Does anyone remember the 1980s? Think back, I know it was a long time ago – I was 5 when they ended so my memories mostly involve a puppet with a slightly better command of the English language than Jordan who spat at the TV screen – but as a society we seem to have some sort of collective amnesia that starts around about 1979 and went on right up to about 1997. The result of this is that we have lost the ability to see cause and effect.
So first point, to preempt any comments about my age – yes I was young in the 1980s but I am capable of reading so saying I don’t know what I am talking about because I wasn’t able to tie my own shoelaces at the time (not till I was 7) is inept, inapt and insipid (and a few other words beginning with ‘in-‘. Grow up. And it is my generation that is having to deal with the consequences of that most short-sighted decade.
The Conservative economic policy in the 1980s could be summed up in three main points: public spending cuts, privatisation and the creation of the laissez-faire banking sector.
The Conservatives embraced Friedman(-ist/-ite?) economic policy and in 1979 began bringing in a vast number of cuts to public services and increased privatisation. Welfare and education bore a great extent of the cuts. The current government are proposing huge cuts to welfare, particularly tax credits and the Sure Start programme, and are hinting at cuts in education – or at least an increase in the cost of education.
Ok so every government makes changes to welfare and education this is nothing new. Well, lets delve a little deeper. Another area Thatcher became notorious for was privatisation. BT, BP, BA, BAA, British Gas (soon to be BG?), British Rail (in 1997) and the National Grid are just a few of the services that were privatised. Are there any similarities with the plans of the current coalition Conservative government? Well a lot has already been said about the privatisation of education – even though it will be government funded private education! Charter schools are a BAD idea and lead to increased social division. There are also plans to privatise 49% of the Royal Mail, with the remainder split between the government and staff. The Conservative reasoning behind this is that government regulation and intervention is bad for the economy. I think I saw this point best illustrated by David Horsey’s cartoon on the right. But the point is this is the same policy they had in the ’80s.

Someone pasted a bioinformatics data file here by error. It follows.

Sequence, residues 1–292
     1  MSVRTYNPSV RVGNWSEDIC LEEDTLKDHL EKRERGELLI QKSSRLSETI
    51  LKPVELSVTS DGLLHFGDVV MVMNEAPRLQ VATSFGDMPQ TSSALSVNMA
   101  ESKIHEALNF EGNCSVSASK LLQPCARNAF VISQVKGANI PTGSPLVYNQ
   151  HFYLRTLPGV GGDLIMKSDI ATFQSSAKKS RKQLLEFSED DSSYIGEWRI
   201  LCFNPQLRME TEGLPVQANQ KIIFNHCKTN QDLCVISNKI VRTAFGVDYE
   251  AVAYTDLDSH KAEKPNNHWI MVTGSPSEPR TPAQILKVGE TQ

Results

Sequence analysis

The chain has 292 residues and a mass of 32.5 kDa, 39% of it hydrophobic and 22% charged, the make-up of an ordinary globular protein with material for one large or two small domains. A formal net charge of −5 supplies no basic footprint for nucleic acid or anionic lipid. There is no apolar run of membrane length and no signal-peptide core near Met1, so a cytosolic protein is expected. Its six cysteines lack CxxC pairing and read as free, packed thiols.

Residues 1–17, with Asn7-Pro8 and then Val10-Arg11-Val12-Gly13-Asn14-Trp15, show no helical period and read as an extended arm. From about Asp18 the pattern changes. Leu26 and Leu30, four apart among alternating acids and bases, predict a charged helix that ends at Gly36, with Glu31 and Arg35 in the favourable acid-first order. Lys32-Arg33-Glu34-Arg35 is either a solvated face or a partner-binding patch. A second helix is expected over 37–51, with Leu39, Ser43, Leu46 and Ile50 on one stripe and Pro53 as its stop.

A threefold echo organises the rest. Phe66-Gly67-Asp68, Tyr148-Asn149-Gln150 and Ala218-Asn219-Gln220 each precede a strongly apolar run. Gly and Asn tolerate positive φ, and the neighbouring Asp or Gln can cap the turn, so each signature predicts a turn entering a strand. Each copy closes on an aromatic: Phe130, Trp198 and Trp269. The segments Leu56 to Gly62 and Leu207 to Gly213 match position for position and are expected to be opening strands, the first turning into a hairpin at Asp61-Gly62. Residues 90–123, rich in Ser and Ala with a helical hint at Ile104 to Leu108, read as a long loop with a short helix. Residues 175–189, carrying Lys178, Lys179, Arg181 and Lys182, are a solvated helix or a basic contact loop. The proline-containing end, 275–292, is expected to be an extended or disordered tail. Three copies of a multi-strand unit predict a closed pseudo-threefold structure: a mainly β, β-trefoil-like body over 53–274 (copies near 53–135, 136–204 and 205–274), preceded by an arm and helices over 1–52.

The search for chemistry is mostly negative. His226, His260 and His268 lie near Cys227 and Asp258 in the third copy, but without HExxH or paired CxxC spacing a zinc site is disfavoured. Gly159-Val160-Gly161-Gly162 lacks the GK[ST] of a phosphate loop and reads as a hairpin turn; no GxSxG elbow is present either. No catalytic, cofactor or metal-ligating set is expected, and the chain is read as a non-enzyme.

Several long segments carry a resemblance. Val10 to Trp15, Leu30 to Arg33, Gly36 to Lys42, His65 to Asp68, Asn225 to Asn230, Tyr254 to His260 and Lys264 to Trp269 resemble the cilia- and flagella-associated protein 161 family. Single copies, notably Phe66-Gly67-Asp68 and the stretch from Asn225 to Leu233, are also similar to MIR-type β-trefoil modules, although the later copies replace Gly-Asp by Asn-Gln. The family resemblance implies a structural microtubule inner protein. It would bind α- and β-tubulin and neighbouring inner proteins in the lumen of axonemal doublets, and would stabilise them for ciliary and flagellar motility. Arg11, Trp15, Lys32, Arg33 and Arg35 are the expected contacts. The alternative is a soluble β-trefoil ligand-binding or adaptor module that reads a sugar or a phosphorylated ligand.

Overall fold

So what else did they do? Well they encouraged growth in the financial sector at the expense of manufacturing industry. Again, this is another policy the current government are pursuing. With the rise of the ‘casual gamer’, video gaming is set to be one of the biggest industries in the world. The UK has a growing industry in video games, particularly in Scotland where Rockstar North (formerly DMA Design, creators of Grand Theft Auto) are based. The Conservative government has scrapped the intended tax breaks for the video games industry that would have provided a huge incentive for more games developers to set up shop in the UK, providing thousands of jobs in a growing market. At the same time their banking reform policy is not exactly coming down hard on the financial services sector, Deutsche Bank analysts said “Taking 2% off the 2012 tax rate for the five banks listed in the UK would increase profit by £1.16bn, that it is should almost offset all of the banks tax. Overall a good outcome for the banks”.
Yet again it is the same old Tory policies. Worse still their lax attitude towards the financial sector is what allowed the current recession. Yes the Labour government should have done something about it but it was the Conservative policies that created the system in the first place!
And one final similarity; at the time Thatcher was warned by leading economists their economic policies would deepen the recession at the time. And it did. The current Tories have also been warned by leading economists that their economic policies will lead to a ‘double-dip’ recession. Maybe they should listen this time.